The age-old question of “how much exercise does my dog need” is sadly often irrespective of the dog’s abilities, needs and emotional capability. You would think that young, growing puppies need a lot of exercise but that does not include lots of running, twisting, fetching etc. as all these movements are rather detrimental to the developing musculoskeletal system of a youngster. We need to offer age-appropriate physical activities and it may be much more beneficial to have the pup follow us in our everyday doings around the house and still get enough “exercise” because they can cope with this physically and emotionally. As they are growing up you can include walks, training and other forms of gentle exercise but be aware that bones, ligaments, cartilage and tendons have not finished forming until about 18-24 months of age. There is no place for “over-exercising” or “tiring the dog out” as this can lead to early hip or elbow dysplasia, arthritis or an injury as a result of repeat strain injuries that were caused because the body couldn’t fulfil the movements properly and joints were “strained” ongoing. Sadly, nowadays we see the onset of these diseases in dogs as young as 12 months.
The same goes for older dogs or those who have a chronic or acute injury, an impairment, less than ideal conformation or are breed-specifically not an active dog. How much exercise do they need? We want to get it right and know that fitness is important.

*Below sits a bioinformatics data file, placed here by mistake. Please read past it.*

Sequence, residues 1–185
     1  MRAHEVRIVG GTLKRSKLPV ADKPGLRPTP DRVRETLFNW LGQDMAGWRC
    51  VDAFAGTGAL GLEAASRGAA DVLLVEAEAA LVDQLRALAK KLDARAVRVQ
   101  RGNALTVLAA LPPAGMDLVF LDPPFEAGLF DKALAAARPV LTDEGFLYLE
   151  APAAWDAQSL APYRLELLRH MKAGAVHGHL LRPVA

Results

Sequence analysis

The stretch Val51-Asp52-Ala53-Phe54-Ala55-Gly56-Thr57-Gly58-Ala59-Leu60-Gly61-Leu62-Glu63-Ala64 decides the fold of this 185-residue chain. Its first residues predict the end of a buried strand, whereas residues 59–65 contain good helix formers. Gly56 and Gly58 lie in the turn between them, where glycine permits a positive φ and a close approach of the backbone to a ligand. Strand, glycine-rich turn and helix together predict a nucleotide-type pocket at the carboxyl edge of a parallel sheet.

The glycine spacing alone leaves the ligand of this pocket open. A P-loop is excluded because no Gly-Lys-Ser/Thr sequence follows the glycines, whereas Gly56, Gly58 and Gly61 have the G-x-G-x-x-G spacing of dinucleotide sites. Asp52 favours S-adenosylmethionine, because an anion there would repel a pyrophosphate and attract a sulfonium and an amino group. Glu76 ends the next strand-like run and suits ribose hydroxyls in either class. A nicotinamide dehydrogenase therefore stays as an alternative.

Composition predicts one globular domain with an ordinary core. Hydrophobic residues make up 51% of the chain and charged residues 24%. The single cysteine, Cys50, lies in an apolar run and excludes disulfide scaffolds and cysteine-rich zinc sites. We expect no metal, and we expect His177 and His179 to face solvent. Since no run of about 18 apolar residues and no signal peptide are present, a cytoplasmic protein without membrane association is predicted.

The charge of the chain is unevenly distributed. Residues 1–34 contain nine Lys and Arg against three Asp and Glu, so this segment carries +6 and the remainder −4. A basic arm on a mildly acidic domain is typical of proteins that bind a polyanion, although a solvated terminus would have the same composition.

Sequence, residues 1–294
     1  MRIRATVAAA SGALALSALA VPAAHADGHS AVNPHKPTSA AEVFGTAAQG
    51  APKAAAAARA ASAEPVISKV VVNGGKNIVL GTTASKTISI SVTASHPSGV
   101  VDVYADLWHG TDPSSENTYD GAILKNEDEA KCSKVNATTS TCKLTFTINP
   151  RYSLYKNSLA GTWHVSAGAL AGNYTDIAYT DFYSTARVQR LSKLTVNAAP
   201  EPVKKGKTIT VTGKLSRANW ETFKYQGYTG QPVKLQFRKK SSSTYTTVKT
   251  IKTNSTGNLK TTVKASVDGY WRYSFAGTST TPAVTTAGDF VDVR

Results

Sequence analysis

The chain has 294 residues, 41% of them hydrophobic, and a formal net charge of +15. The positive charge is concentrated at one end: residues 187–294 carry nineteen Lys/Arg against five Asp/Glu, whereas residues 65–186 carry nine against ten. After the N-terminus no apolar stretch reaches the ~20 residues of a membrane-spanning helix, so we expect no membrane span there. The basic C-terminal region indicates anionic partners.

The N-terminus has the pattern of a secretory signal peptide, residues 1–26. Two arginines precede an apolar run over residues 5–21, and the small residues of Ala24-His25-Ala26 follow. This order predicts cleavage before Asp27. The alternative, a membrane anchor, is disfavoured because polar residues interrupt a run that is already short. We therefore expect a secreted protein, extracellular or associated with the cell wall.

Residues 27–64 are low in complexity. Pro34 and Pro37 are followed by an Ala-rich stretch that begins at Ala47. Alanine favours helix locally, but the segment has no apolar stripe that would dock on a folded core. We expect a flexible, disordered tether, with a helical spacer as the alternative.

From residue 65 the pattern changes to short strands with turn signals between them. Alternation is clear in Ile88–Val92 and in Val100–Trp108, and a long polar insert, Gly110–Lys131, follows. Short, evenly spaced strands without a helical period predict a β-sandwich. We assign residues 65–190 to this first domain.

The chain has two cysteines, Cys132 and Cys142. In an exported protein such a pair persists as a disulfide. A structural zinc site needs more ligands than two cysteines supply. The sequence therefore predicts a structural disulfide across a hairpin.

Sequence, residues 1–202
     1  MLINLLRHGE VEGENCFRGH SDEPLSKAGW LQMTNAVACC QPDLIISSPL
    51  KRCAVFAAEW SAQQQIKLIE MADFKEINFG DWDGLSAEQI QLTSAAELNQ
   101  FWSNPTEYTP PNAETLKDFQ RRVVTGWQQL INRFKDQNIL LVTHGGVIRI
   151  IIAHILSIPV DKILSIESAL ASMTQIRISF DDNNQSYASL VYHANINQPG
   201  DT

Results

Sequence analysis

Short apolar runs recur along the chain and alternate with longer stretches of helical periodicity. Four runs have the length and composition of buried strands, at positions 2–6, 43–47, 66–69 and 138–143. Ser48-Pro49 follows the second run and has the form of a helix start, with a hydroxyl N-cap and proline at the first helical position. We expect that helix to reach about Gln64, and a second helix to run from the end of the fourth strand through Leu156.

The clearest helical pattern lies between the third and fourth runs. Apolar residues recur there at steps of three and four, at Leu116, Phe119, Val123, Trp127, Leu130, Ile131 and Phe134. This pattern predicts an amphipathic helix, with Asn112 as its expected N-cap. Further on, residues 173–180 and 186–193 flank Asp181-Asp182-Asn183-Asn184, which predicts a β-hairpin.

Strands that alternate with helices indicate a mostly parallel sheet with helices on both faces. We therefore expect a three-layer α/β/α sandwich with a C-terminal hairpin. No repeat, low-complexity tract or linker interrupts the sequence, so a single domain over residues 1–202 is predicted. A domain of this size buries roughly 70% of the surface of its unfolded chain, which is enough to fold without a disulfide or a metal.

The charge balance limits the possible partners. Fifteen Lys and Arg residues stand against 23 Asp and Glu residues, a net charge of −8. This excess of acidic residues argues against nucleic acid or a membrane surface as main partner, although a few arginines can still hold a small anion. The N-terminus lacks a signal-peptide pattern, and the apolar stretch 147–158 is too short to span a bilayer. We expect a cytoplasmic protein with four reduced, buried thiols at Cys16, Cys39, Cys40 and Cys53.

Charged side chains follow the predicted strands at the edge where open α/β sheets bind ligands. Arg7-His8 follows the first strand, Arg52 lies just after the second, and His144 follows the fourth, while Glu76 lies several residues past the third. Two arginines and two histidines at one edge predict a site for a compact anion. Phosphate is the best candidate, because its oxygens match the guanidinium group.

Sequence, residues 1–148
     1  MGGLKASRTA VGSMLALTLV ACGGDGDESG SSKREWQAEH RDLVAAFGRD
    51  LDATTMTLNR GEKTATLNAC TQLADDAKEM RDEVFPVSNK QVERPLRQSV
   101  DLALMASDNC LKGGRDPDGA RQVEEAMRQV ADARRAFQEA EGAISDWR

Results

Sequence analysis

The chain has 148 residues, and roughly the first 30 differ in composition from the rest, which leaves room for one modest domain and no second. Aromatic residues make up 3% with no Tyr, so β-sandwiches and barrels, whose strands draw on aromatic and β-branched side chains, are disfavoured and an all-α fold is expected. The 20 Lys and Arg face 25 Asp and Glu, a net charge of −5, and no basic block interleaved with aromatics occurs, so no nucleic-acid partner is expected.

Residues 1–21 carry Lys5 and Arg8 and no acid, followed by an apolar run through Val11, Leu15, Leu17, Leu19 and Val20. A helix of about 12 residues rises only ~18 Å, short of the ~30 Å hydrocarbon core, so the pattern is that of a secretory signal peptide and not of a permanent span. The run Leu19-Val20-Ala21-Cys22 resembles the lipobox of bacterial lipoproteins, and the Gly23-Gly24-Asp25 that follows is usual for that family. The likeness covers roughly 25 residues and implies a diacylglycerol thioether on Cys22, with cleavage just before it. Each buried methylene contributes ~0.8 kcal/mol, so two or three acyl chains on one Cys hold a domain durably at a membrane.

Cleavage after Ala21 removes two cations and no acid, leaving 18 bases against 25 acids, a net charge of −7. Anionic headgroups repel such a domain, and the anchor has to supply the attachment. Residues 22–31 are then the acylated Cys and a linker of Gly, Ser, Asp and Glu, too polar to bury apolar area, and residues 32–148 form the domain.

But here is a thought: let’s make sure that these dogs don’t get exercised while in pain or the exercise may add more strain and injury to an already compromised system. We do need to “move” them to keep the muscles strong, metabolism going, lymphatic flow switched on and to add to their enrichment but how about HEALING first before we think about fitness. There are so many ways you can exercise in a gentle way, with the dog’s ability in mind, using “exercise” as a way of healing (e.g. physio and bodywork) rather than just ticking off the km’s. A walk that is only five minutes on the flat ground can be much more beneficial to the dog that’s recovering from an injury because it is just enough to not damage any soft tissue and keep the musculoskeletal system happy. Do this 3-4 times a day and soon you’ll be able to add a few more minutes to the walk. That way cells can re-grow that contribute to healing rather than having to always just fix what has been broken again and again.
Swimming, slow walking and sniffing, wading in water, walking up gentle slopes are all much safer options and more fun for the dog emotionally as running and fetching. This way the dog can enjoy their outing rather than becoming stressed about the walk/ pain/ over-exercising.
So, how do you know how much is exactly right? Observe your dog… do they fall behind you on walks? Do they stop or even sit down? Do they turn around or go back to the car? Then, that is a clear indication that you have overdone it. Next time cut your walk short. Or have a break, sit on a bench for a few minutes before going on. Find other things to do, different terrain if your dog is no longer enthusiastic when the leash comes out. Some dogs are better off having a couple of short walks a day rather than a long walk.
Generally, most dogs who can walk without compensational issues are happy with a walk that is 25-30 minutes long with lots of stopping for sniffing. You may only get as far as a few hundred metres. If you find that does not tire your dog out, you may have to think exactly the opposite is true. Dogs that “need” more exercise often suffer from high adrenalin on a permanent level. More exercising will only add to this problem so again, less is more.